If you do not have access to a gauge tester, you may always start with the sender. To check the sender, warm the engine up to a stable temperature. Have an ohm meter ready, as well as the tool(s) needed to remove the wire off of the sender. With the engine running/idling, notice what the gauge is reading, and write this down the reading. With the engine still idling, remove the wire off of the sender, then hook the positive wire of your ohm meter to the sender where the sender wire was. Now hook the negative wire of your ohm meter to ground. What resistance do you measure?
I will give you some examples to help you determine what to do next.
Let’s say that the gauge read 210 degrees, and then you took a measurement of 123 ohms. This would mean that the gauge was reading exactly as it should. And if you thought the engine was running hotter than that, or colder than that, either the sender is the problem (remember the gauge was reading perfectly based on the information from the sender), or the engine really is running that temperature.
Another example for you: You suspect the gauge is reading hotter than actual, and you measure the resistance of the sender again. You measure 253 ohms, and the gauge reads 210 degrees. In this case, the sender is at 170 degrees (based on the resistance measurement), and the gauge is not responding the way it should. In this case, either the ground to the gauge itself is insufficient (which will cause a too high reading), or the gauge is out of calibration.
Never trust how a ground looks. If your gauge shows higher than normal and the sender tests where it should, then run a new dedicated ground from the threaded portion of the gauge ground terminal to an engine ground and see if the problem persists.
If this seems like too much, or is confusing, we will be happy to test your gauge for you if you send it into us. Please contact our Service Department for further assistance
Checking the accuracy of a full sweep electric temperature gauge (one that uses a 2-pin plug-in connector): This gauge would typically have a 10-pin, plug in connector on the rear of the gauge with (depending on model #) 4 or 5 wires, and a 2-wire/2-pin plug in connector. This gauge design is similar in how a short sweep version operates, based on variable resistance, but yet different.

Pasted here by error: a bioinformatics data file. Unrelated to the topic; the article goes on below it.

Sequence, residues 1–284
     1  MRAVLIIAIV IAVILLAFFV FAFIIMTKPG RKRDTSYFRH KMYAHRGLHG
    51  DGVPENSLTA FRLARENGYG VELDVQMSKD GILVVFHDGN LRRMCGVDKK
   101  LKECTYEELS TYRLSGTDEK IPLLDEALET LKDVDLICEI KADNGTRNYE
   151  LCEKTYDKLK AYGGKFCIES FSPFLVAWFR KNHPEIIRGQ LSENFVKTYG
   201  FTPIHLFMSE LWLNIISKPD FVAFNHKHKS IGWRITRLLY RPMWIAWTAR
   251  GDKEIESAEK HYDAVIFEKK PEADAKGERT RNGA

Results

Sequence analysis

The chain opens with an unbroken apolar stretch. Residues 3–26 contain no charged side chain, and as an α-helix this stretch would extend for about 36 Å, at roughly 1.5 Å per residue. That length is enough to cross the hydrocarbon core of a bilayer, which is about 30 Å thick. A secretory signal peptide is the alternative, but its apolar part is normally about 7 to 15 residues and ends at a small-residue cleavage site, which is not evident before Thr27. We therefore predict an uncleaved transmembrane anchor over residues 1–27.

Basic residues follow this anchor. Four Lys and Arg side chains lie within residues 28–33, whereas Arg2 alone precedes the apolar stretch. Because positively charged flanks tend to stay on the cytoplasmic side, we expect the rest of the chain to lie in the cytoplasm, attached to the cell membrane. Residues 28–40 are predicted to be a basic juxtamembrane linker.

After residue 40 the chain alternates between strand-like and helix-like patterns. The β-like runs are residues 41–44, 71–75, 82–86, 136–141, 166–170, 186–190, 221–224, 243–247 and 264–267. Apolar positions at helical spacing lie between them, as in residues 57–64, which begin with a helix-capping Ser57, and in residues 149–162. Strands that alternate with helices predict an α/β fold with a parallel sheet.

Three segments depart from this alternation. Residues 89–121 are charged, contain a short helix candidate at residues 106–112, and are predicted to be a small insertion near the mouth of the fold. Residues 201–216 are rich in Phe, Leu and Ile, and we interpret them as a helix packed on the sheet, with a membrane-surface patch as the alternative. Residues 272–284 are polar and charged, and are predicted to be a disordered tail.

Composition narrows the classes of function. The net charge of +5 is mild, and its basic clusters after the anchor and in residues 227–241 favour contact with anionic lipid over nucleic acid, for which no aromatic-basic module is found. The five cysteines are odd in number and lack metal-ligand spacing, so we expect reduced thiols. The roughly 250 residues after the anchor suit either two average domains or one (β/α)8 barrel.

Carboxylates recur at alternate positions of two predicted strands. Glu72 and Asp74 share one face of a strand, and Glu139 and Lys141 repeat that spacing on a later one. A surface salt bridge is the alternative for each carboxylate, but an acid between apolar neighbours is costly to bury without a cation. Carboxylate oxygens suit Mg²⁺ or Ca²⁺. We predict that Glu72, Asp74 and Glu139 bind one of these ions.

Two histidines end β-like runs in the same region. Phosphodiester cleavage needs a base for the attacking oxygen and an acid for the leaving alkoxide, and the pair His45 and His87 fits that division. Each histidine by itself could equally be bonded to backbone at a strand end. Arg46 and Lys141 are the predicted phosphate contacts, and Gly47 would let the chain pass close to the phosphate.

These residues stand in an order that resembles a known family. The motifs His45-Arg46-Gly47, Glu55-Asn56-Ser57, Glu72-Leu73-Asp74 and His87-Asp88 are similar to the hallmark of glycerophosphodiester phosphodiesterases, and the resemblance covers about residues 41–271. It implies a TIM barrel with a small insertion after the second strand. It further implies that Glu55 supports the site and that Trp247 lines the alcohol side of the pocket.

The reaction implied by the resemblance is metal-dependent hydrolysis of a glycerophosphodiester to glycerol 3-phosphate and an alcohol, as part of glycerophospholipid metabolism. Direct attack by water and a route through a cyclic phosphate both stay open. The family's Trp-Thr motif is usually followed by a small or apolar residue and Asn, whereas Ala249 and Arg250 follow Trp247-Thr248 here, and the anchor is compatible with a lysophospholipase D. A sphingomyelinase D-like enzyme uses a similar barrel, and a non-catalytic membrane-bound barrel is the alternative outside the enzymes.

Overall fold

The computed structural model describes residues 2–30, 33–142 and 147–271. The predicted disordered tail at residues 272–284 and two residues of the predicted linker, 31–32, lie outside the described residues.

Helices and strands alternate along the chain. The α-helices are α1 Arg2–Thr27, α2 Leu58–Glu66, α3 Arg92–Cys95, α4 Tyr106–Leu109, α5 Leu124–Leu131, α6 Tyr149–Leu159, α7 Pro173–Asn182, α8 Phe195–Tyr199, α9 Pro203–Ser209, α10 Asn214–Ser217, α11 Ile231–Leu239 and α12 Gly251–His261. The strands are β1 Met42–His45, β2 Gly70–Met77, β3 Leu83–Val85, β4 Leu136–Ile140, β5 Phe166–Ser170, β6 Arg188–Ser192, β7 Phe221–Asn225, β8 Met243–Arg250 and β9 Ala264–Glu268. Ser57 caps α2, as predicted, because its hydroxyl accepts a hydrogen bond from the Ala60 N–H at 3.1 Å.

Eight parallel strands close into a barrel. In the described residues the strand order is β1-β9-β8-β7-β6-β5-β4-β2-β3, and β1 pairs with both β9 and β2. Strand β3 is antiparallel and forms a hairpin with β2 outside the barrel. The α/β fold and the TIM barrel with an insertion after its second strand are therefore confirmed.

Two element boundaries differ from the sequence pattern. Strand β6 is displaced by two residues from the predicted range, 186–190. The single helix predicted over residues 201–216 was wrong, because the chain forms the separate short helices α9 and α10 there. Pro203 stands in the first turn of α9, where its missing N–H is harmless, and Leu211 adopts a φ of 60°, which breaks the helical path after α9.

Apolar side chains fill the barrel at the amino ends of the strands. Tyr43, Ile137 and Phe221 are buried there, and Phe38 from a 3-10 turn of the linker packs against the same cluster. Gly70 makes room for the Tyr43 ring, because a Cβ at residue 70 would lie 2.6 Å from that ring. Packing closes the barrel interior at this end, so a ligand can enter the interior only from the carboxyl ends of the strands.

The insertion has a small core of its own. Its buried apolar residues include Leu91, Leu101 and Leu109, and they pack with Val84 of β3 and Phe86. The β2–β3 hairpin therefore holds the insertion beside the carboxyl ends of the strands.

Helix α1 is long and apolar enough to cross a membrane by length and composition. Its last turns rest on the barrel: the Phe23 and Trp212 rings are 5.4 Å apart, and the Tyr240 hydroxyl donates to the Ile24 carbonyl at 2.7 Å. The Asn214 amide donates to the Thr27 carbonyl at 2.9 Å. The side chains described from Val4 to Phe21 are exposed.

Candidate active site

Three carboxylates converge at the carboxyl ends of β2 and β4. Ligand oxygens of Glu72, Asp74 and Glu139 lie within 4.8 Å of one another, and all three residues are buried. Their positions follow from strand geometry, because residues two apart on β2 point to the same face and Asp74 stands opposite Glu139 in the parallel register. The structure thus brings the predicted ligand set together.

The gauge supplies a 5v signal on the gray wire to the sender. The sender then (with variable resistance) attenuates the voltage back to the gauge, and the gauge then responds to this returned voltage.
The easiest test would involve using an ohm meter. Run the vehicle until the gauge levels off at a steady temperature, and then with the engine still running, unplug the sender connector. Using your ohm meter, measure across the two sending unit terminals. Depending on the actual temperature, the range can be anywhere from 85,256 ohms at 5 degrees F, to 309 ohms at 266 degrees F. With this said, you may have to adjust the range on your meter, depending on the temperature, however if you do this with a warmed up engine, you can start off expecting a reading (on average) of about 2,000 ohms or less.
Here is an example: If you measure 1,574 ohms, and the gauge was reading 167 degrees F when you plugged it back in, the gauge was then responding properly to the resistance reading of the sender. If you had the same resistance measurement, but the gauge was reading 210 degrees F, then the gauge is not responding properly.
Once you have the reading, plug the gauge connector back in and see what the gauge reads. You do not want to shut the engine off until you are done with the tests, otherwise the engine will heat soak and rise in temperature before it begins to cool off, and this can cause erroneous readings that do not compare properly. Contact us to see what your resistance measurement should = in temperature.
While the gauge is unplugged from the sender, it is not uncommon for it to register temperature in the 110 to 140 degrees F range.
If the resistance measured matched the gauge reading, the problem will likely either be the sender, or that the engine really is running the temperature that your gauge is displaying.
If the resistance measured does not match the gauge, the problem will likely be the gauge.
For further assistance on this, please contact our Service Department for more information